Common Myths about the Medicare Secondary Payer Act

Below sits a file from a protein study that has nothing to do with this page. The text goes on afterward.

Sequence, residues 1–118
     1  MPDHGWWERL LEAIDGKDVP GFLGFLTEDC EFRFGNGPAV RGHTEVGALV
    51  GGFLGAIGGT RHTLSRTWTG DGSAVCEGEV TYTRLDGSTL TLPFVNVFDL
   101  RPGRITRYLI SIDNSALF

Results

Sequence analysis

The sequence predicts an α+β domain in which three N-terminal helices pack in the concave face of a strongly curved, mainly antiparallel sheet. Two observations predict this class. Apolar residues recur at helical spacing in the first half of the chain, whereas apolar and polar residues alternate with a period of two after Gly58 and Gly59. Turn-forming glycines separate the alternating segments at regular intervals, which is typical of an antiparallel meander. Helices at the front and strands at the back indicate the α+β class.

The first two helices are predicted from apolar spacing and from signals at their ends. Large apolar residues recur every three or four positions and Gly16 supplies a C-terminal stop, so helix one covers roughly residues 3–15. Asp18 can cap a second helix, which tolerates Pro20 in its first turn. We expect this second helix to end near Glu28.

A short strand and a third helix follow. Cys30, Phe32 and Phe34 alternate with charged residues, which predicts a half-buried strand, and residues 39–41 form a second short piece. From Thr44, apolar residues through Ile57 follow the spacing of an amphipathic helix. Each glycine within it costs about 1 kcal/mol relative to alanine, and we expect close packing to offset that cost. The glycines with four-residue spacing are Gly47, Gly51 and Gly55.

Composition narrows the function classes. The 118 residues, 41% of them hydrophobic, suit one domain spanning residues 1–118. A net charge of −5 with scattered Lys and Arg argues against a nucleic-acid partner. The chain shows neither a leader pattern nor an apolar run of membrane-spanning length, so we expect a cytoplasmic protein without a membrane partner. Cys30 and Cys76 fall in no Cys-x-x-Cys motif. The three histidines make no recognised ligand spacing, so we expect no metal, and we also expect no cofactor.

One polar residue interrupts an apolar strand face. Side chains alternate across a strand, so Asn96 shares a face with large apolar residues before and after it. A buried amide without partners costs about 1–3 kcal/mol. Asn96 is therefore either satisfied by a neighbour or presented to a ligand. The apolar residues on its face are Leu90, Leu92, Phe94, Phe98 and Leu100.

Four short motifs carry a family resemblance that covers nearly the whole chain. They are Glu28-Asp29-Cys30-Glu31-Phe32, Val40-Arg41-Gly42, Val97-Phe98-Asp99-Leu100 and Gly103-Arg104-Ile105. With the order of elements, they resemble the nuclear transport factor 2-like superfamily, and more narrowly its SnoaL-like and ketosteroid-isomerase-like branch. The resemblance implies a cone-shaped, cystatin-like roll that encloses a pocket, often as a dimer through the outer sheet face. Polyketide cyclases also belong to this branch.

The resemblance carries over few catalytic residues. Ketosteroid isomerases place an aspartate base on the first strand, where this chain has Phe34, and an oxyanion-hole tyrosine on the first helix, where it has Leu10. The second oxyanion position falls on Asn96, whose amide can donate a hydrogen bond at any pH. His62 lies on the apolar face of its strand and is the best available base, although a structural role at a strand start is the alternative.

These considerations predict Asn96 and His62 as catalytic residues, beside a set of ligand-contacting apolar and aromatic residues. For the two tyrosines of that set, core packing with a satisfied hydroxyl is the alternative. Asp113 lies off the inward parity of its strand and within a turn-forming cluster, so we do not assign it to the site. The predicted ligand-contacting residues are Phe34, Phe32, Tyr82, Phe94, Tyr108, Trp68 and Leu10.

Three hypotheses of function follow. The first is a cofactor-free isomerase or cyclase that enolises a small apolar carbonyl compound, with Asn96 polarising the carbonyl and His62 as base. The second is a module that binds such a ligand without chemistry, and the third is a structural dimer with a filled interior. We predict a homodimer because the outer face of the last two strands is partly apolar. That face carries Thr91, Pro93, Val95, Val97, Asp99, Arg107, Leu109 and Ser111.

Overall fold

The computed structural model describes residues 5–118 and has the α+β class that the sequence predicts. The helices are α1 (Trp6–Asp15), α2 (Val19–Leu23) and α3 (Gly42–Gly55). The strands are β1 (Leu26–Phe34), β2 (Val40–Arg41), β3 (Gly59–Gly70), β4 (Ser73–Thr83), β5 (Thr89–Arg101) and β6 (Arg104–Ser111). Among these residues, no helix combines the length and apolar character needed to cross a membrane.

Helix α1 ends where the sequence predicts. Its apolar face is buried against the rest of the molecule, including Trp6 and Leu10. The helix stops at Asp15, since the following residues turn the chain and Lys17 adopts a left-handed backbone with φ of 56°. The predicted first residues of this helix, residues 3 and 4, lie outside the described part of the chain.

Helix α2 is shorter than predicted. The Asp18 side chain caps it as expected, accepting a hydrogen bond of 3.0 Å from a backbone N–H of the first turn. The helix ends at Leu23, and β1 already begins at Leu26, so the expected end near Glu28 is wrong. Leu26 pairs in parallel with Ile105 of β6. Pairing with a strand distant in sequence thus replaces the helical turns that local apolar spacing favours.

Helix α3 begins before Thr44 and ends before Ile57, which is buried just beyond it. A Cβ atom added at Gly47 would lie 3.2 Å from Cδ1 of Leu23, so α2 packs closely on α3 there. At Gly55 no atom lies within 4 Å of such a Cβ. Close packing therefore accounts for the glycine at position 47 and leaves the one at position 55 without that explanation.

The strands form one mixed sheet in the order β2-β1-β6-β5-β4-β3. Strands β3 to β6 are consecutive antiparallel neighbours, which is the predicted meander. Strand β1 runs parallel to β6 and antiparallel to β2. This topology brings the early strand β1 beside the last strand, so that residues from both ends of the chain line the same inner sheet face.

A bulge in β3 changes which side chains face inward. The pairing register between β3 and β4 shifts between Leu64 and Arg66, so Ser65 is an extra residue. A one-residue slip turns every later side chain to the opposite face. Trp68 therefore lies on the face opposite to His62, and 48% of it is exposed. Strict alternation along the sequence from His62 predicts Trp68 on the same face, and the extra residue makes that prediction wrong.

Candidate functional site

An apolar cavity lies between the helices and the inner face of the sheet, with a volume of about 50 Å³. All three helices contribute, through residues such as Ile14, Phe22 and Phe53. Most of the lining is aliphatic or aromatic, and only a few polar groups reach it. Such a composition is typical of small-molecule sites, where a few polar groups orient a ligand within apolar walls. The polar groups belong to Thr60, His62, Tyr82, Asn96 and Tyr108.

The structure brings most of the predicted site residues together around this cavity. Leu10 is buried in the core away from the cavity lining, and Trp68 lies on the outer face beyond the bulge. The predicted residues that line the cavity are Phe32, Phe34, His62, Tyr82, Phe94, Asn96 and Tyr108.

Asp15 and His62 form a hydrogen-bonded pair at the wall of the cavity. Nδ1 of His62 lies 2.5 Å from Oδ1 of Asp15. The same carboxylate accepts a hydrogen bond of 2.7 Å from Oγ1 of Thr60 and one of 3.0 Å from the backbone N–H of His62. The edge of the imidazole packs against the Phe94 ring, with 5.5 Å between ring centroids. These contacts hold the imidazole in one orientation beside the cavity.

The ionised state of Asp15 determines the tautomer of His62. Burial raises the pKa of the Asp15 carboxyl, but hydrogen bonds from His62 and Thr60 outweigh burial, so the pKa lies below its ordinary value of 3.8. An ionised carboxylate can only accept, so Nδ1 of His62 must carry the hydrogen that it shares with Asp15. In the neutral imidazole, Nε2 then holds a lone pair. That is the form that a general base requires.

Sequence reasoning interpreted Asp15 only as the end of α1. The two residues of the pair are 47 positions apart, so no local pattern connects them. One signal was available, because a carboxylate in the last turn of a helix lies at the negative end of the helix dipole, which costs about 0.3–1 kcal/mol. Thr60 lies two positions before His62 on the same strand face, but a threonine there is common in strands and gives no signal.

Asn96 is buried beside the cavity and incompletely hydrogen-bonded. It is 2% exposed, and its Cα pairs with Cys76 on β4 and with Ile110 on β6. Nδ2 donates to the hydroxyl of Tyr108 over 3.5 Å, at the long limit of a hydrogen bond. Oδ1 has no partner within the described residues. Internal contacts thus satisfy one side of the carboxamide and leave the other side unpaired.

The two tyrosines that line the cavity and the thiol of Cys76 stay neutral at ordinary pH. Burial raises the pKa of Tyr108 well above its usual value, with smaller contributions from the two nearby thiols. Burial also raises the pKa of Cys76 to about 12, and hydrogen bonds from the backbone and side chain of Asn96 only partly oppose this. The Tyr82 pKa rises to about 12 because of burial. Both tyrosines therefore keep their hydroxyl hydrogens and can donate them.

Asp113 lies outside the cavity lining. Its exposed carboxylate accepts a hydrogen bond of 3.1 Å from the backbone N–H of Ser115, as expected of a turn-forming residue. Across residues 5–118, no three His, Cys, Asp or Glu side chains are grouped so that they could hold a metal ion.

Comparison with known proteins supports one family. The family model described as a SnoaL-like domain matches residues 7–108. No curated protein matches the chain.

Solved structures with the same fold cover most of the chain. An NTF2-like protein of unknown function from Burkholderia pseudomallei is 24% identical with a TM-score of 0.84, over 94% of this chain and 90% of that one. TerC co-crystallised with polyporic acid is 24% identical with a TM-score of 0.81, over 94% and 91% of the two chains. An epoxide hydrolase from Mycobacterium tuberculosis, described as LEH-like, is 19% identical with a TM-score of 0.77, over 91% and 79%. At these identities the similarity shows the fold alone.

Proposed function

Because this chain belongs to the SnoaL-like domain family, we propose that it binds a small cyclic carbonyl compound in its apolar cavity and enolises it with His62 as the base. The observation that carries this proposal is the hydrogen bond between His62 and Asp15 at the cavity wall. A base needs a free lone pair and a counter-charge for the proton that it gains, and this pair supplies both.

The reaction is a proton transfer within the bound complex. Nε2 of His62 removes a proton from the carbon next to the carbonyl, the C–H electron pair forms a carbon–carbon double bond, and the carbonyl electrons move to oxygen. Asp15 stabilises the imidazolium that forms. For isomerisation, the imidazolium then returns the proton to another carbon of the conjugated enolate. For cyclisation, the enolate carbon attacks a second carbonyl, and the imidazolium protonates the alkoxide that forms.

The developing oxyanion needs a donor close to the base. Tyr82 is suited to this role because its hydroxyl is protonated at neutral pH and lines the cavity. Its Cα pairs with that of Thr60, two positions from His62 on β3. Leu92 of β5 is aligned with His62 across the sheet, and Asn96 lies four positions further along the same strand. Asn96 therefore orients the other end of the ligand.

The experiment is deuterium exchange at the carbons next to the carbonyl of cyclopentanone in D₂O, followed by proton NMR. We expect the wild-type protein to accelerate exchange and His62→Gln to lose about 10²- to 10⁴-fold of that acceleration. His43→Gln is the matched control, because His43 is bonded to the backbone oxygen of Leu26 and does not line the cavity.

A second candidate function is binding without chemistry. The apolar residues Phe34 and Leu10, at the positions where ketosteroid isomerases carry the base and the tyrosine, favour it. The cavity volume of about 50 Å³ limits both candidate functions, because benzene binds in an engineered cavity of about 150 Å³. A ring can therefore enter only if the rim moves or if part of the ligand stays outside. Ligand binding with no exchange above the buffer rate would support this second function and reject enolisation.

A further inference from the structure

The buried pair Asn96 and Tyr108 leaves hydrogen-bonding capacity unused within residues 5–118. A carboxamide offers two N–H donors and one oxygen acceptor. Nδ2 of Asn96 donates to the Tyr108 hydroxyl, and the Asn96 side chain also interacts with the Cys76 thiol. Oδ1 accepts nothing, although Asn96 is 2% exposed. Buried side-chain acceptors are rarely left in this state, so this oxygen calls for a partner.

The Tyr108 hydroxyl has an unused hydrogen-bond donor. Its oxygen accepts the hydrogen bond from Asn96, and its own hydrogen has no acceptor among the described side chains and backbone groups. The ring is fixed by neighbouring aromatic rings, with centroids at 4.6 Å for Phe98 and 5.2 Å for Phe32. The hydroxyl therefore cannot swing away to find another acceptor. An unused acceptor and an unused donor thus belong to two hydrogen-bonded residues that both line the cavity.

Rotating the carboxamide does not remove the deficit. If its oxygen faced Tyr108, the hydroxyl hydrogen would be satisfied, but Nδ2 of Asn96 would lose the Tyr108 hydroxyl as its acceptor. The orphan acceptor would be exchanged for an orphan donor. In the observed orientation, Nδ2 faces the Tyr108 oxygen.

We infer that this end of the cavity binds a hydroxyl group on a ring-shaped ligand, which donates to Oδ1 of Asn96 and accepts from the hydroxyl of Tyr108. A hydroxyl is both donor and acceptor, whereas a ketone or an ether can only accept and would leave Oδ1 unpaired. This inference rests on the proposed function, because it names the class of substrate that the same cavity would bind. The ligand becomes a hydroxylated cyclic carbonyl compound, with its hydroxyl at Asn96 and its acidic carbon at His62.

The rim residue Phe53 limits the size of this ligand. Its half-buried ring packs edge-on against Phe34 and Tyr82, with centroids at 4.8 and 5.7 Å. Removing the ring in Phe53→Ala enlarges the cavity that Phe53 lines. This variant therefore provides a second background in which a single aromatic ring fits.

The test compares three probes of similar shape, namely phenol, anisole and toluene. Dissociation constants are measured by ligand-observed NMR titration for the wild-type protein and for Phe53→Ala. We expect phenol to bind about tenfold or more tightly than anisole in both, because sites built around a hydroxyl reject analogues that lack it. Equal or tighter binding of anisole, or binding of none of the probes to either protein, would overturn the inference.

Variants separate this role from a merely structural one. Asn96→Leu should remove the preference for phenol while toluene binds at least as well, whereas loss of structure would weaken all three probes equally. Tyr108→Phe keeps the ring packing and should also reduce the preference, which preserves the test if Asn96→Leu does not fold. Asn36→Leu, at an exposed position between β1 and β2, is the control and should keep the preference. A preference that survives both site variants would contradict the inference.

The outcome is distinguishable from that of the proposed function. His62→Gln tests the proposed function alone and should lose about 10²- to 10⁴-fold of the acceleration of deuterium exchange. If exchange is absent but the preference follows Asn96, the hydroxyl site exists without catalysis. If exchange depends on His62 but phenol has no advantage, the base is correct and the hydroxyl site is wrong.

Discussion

By Barrye Panepinto Miyagi Sample case facts: Plaintiff and spouse sue multiple defendants due to plaintiff’s alleged exposure to asbestos in Louisiana from 1970 through 1985. Plaintiff and spouse are both Medicare eligible. Spouse was not exposed, was not injured and her claim is limited to loss of consortium. Plaintiff is insured by a Medicare Advantage Plan (“MA Plan”), Medicare Part C. The case is getting close to trial and will likely settle. The Centers for Medicare & Medicaid Services (“CMS”) has advised it has not paid any medical expenses related to the injuries asserted in the suit. Defendants are all considered to be Responsible Reporting Entities (“RRE”) pursuant to Section 111. Common Myths about the Medicare Secondary Payer Act (“MSP”) Myth: Since the CMS has advised, in writing, that it has no record of paying plaintiff’s medical expenses, the parties may resolve the case with no further inquiries as to Medicare’s interests. Fact: The CMS and federal case law hold that MA Plans have the same reimbursement rights as Medicare. Unfortunately, when the CMS reports that it has no record of paying plaintiff’s medical expenses related to the suit, it is usually only referring to Medicare Part A and Medicare Part B. Since plaintiff was insured by a MA Plan, the MA Plan has the same reimbursement right as Medicare. Failure to reimburse the MA Plan may result in double damages and interest. Myth: Plaintiff is insured by a private insurer. Since that insurer has not placed the parties on notice of its potential claim, the private insurer has no reimbursement right. Fact: Many parties assume, when plaintiff’s medicals are being paid by a private insurer, that Medicare has no interest in the settlement or judgment. If a plaintiff is Medicare eligible, and a private insurer is paying his medical expenses, then the private insurer may be a MA Plan. The issue should be vetted before settlement or trial and certainly before funding a settlement or satisfying a judgment. Myth: The MSP only applies to settlements. “I’ll try this case so there will be no Medicare-related reimbursement or reporting requirements.” Fact: The MSP applies to both settlements and judgments. Myth: One of the defendants in the case settled with plaintiffs for less than $750.00. Because there is a $750.00 recovery threshold, the parties do not need to reimburse Medicare. Fact: This recovery threshold does not apply to settlements for implantation, ingestion or exposure. Thus, while the settling defendant is not required to Section 111 report, Medicare maintains a reimbursement right and the parties should take steps to assure that Medicare is reimbursed. Myth: Although plaintiff is Medicare eligible, Medicare did not pay for medical expenses related to the lawsuit. Accordingly, defendants do not need to report any settlement or satisfaction of judgment pursuant to Section 111. Fact:If the injured party is a Medicare beneficiary and payments for medicals are claimed and/or released, or the settlement, judgment, award, or other payment has the effect of releasing medicals, then defendants must Section 111 report. Myth: Plaintiff counsel assures me he will report any settlement to Medicare. Defendant/RRE does not need to report. Fact: Plaintiffs and Defendants have separate and distinct reporting responsibilities. Myth: If multiple defendants enter into a settlement with plaintiff and there is one release, any one of the defendants may Section 111 report for the others. Fact: Each defendant/RRE has a separate reporting obligation. Myth: If multiple defendants who are solidarily or jointly and severally liable enter into settlement with plaintiff and there is one release, then each defendant should report only its share of the settlement. Fact: When defendants jointly settle a case and the defendants may be solidarily or jointly and severally liable, each defendant should report the total settlement, not just its share. Myth: Since the spouse was not injured and only suffered loss of consortium, settlement and payment to her does not have to be reported. Fact: Since spouse is Medicare eligible and will receive a payment for claims asserted and/or released, the payment to her must also be reported. If she did not suffer her own personal injury, defendants would use a diagnosis code of NOINJ. CMS cautions that this code is only appropriate in limited circumstances. Myth: Defendant/RRE may send a letter to or call Medicare to Section 111 report. Fact: Defendant/RRE must register to Section 111 report and report pursuant to Section 111. ****** The information posted to this article is provided for informational purposes only. Information contained herein is not intended as nor does it constitute legal or professional advice. Information is subject to change, and the applicability of information may vary with case facts and legal updates. Further, the information is only a summary of many of the relevant provisions of the MSP, Section 111 and related case law. This article does not encompass every aspect of the MSP and should not be your only reference for determining Medicare compliance. By way of example only, the CMS issues routine Alerts and updates to its User Guide. Taylor Porter will not update this article every time there is a new User Guide, Alert and/or a new or revised regulation. The analysis, conclusions and/or opinions expressed in this article are exclusively those of the author and do not represent the opinions or position of any Taylor Porter client.